This time around, Williams hires Frederick
College athletics can be a funny place if you’re around them long enough.
Take the latest situation at North Carolina for example, where the defending national champion Tar Heels have been looking for a replacement on the coaching staff of Roy Williams ever since C.B. McGrath left to become the head coach at UNC-Wilmington following the end of the season.
Turns out, Williams and company did not have to look far. The successor to McGrath, who was a fan-favorite walk-on at Kansas during his playing days, was sitting on the Tar Heels’ bench all along.
According to multiple reports out of North Carolina, Brad Frederick soon will replace McGrath as the newest UNC assistant coach.
And with that, Williams will be hiring the son of the man who gave Williams his first big break as a college head coach nearly 30 years ago.
Frederick, a 1995 graduate of Lawrence High, who played his college basketball at Carolina, is the son of the late Bob Frederick, who served as the KU athletic director from 1987-2001.
While he was known in all worlds for his wonderful smile, caring personality and tremendous kindness, by far Frederick’s biggest move in the athletic world was hiring Williams in 1988 after the departure of Larry Brown following the Jayhawks’ run to the national championship.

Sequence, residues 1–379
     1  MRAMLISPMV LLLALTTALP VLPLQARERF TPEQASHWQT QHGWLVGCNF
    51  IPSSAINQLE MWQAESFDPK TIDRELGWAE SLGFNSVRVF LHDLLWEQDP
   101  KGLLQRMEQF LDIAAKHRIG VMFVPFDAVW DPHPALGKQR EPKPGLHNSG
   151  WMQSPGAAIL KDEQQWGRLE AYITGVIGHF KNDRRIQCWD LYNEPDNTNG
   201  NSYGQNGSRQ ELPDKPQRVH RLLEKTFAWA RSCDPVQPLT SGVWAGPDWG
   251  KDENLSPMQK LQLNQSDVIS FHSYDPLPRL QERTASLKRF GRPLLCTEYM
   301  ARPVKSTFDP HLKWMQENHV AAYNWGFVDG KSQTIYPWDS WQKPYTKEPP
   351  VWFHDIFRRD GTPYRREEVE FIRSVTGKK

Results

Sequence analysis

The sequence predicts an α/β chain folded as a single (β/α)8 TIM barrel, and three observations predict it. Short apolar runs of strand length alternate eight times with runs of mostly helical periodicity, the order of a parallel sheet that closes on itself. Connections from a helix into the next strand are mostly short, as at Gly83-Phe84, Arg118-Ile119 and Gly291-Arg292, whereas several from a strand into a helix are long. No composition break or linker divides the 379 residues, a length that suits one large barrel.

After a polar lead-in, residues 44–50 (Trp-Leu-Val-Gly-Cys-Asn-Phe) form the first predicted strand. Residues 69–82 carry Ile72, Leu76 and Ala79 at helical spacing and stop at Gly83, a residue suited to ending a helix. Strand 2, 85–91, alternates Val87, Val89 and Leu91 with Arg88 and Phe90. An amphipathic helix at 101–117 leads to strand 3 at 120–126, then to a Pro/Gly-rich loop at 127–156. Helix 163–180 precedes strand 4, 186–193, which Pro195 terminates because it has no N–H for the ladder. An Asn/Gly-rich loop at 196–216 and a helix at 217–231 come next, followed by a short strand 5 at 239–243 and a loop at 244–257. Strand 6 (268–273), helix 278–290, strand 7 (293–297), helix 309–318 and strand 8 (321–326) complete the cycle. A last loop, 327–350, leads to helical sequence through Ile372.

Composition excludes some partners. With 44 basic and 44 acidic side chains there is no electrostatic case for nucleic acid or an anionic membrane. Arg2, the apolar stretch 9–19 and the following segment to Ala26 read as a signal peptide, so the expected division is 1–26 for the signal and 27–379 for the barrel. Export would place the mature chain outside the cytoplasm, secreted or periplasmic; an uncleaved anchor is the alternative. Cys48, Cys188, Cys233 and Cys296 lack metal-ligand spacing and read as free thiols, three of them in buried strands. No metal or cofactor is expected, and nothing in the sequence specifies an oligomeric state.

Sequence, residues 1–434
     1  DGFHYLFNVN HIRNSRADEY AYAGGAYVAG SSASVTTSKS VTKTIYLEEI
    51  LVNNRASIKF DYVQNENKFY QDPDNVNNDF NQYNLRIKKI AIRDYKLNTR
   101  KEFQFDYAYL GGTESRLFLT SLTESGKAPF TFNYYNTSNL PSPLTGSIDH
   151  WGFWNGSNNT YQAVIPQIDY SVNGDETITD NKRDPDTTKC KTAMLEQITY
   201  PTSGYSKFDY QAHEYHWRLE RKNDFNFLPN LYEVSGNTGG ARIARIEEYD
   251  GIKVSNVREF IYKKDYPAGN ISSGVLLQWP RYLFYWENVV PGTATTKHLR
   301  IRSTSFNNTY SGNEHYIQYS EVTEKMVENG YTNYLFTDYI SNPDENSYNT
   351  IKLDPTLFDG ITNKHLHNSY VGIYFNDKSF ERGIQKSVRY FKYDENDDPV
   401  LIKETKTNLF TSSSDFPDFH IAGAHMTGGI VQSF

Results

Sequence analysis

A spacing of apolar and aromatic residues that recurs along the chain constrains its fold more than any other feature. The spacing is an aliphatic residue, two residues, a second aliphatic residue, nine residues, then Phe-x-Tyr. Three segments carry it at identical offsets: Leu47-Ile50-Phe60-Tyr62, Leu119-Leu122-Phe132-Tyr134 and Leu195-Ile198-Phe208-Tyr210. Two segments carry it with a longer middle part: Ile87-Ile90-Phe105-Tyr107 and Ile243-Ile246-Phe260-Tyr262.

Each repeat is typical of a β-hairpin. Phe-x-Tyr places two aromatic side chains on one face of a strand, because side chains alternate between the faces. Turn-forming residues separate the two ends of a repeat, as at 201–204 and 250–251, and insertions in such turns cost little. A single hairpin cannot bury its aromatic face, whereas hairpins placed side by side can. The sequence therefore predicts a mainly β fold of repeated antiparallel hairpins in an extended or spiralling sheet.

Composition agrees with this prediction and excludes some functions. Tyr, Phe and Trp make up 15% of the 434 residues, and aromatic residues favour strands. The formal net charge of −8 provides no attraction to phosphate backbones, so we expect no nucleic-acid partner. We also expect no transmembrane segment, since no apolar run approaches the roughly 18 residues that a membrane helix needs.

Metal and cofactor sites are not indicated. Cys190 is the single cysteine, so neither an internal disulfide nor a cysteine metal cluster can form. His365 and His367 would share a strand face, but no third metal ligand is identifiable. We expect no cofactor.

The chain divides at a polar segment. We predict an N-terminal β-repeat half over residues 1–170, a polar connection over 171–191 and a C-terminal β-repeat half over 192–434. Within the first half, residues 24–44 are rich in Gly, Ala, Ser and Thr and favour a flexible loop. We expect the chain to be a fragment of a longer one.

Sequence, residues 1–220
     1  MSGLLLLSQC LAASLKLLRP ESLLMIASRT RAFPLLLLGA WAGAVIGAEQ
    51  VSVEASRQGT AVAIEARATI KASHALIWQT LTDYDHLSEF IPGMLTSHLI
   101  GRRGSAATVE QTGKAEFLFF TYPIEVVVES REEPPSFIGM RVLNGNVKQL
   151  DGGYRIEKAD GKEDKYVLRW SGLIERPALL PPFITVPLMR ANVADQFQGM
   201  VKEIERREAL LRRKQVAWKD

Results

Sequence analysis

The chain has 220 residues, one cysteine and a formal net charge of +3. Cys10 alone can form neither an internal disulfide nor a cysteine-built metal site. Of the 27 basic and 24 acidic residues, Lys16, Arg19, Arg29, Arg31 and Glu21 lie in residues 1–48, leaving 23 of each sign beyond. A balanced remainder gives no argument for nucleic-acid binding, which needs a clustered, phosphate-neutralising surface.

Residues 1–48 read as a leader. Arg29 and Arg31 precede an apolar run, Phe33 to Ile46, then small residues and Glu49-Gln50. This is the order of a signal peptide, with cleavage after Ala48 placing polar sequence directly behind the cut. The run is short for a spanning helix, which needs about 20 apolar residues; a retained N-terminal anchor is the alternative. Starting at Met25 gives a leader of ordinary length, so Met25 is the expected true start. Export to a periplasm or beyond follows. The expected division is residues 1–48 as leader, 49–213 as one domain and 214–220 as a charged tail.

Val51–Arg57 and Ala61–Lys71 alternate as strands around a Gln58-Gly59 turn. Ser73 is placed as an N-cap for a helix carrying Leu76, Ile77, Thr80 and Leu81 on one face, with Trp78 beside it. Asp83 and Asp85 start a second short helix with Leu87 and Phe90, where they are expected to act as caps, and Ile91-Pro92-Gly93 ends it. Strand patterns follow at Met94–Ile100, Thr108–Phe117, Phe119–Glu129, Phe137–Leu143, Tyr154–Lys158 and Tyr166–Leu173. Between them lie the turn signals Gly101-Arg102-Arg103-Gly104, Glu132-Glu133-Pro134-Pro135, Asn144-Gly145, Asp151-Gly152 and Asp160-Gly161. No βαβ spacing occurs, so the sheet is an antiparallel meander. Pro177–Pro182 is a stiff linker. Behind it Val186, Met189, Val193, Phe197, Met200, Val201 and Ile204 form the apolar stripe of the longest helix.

A little-known, No. 2 assistant coach to Dean Smith at the time, Williams often marveled about Frederick’s bold move and has famously said that the number of ADs who would have hired Roy Williams to coach Kansas basketball in 1988 was one — Bob Frederick.
Today, or at least when it becomes official, which could be as late as July 1 for business reasons, Williams will be returning the gesture in a not-so-small way.
It’s not as if Frederick isn’t ready for and worthy of the post. After serving for 14 seasons as an assistant coach under Kevin Stallings at Vanderbilt (he left as the longest tenured assistant coach in the SEC at the time), Frederick returned to his alma mater to take over the director of basketball operations role in 2013.
His relationship with Williams made him the perfect fit at that time and makes this transition as easy and obvious as one could be.
Although this promotion — Williams recently said Frederick already has been out on the road recruiting and also added last month that interested parties did not need to contact him about the coaching vacancy because he was going to fill it by readjusting his current staff — is significant both for Frederick and the program, it will have the greatest impact on Frederick’s immediate future in that it will allow him to go on the road, recruit, coach and execute all other duties given to each NCAA Div. I program’s three full-time assistant coaches.
Other than that, though, Frederick’s recent impact in other, more administrative-oriented ways already has been all over the program and played a huge role in North Carolina’s recent success.